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Passionfruit

This is the true eating passionfruit rather than the ornamental flower and so does need more frost protection. Best grown indoors in a bright room or greenhouse, you'll need to keep your vine above 5C in the winter.
Current Description
This weeks passionfruits are strong 2 year old vines trained up a strong central cane as pictured. In leaf at the moment, we expect these vigorous climbers to produce their first exotic flowers and tasty fruits next year.
70cm tall in a 3L Pot
Passionfruit A few of the fruits harvested in 2017 Passionfruit Passionfruit Passionfruit
Passionfruit
Care Instrictions

These instructions are sent with the plant gift

Looking after your Passion Fruit

The Passion Flower (Passiflora edulis) is the true edible passion flower producing sweet edible fruit in autumn. It is not as hardy as the common ornamental variety and will need some frost protection so we recommend growing it in a pot and keeping it indoors during the winter months.

When indoors make sure your passion flower gets plenty of light, by putting it near a window but a little way back from the glass. They need to be protected from temperatures below 5C so a bright room, conservatory or heated greenhouse is the best place in the winter.

Whilst your passiflora is in a small pot you will need to water it regularly especially if in a warm spot. Try to keep the compost damp – not dry and not soggy. Over the summer months your passion flower will benefit from a dose of liquid feed every couple of waterings to help keep the foliage healthy and you could put it outside for a summer holiday.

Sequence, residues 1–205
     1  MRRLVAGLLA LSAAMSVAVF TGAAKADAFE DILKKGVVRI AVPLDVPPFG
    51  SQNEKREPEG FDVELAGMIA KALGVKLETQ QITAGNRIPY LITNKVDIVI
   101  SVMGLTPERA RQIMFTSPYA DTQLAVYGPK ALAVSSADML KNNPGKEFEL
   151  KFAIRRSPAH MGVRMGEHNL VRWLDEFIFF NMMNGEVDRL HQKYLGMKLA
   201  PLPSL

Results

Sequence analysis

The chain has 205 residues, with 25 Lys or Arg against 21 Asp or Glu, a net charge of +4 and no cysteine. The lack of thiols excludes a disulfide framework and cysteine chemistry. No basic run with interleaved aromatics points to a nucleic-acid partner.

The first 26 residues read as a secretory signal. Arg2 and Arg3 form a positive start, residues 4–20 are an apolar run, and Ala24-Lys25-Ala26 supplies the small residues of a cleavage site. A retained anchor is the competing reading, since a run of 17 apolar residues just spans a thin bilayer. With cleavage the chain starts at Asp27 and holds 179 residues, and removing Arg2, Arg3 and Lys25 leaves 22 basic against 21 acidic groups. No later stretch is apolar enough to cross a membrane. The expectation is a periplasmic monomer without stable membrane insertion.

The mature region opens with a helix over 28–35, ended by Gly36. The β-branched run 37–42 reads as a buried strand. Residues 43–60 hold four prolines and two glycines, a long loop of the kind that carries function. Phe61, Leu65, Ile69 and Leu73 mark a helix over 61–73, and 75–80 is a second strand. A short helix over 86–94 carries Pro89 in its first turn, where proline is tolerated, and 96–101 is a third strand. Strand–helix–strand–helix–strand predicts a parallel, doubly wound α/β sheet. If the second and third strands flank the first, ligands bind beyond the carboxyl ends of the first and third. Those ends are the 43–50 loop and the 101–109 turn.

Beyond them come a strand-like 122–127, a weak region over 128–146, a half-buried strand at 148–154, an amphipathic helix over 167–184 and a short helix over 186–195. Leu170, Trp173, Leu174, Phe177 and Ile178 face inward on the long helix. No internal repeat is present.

You should expect the first dramatic flowers in the spring and the egg shaped fruits to follow and they are ripe and ready to harvest once they have turned a deep purple.

Over time you might want to keep twisting new tendrils around the supplied support to keep it neat. These plants are vigorous climbers and can be trained up a wall or trellis if desired. Alternatively if you want to keep it to a manageable size you can prune your plant back at the end of the summer and repot it in the spring to keep it nice and bushy.

Problem solving

If the leaves start to turn a pale or mottled colour your plant needs more nutrients and will benefit from a good dose of general house plant or citrus feed every couple of waterings until it greens up again.

If during the summer months your plant stops flowering or the buds drop before they open it may not be getting enough sunlight so try moving to a sunny spot and hold back on any feeding until you see flower buds begin to develop.